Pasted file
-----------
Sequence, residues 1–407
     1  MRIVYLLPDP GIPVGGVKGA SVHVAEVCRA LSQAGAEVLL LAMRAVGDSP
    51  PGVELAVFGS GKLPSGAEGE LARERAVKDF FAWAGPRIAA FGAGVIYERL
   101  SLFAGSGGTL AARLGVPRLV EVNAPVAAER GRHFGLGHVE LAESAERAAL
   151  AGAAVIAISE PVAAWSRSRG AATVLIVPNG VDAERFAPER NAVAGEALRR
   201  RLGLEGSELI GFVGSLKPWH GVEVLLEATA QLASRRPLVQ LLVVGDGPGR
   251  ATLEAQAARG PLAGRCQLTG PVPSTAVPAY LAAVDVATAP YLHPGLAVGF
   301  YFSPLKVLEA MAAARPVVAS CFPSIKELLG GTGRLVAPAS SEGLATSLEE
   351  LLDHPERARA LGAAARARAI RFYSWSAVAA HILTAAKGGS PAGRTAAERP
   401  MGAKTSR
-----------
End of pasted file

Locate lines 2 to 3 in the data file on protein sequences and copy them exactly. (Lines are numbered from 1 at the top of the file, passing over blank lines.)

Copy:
     1  MRIVYLLPDP GIPVGGVKGA SVHVAEVCRA LSQAGAEVLL LAMRAVGDSP
    51  PGVELAVFGS GKLPSGAEGE LARERAVKDF FAWAGPRIAA FGAGVIYERL